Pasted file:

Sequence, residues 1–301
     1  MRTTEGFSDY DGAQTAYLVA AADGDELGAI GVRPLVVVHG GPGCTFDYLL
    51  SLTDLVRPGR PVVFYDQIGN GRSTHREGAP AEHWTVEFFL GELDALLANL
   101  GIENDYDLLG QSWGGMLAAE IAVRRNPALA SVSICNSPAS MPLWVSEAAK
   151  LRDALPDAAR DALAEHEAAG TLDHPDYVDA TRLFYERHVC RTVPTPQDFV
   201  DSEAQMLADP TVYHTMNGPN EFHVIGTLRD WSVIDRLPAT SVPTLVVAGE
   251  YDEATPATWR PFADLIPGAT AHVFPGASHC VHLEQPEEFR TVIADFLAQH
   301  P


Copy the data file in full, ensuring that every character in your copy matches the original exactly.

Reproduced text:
Sequence, residues 1–301
     1  MRTTEGFSDY DGAQTAYLVA AADGDELGAI GVRPLVVVHG GPGCTFDYLL
    51  SLTDLVRPGR PVVFYDQIGN GRSTHREGAP AEHWTVEFFL GELDALLANL
   101  GIENDYDLLG QSWGGMLAAE IAVRRNPALA SVSICNSPAS MPLWVSEAAK
   151  LRDALPDAAR DALAEHEAAG TLDHPDYVDA TRLFYERHVC RTVPTPQDFV
   201  DSEAQMLADP TVYHTMNGPN EFHVIGTLRD WSVIDRLPAT SVPTLVVAGE
   251  YDEATPATWR PFADLIPGAT AHVFPGASHC VHLEQPEEFR TVIADFLAQH
   301  P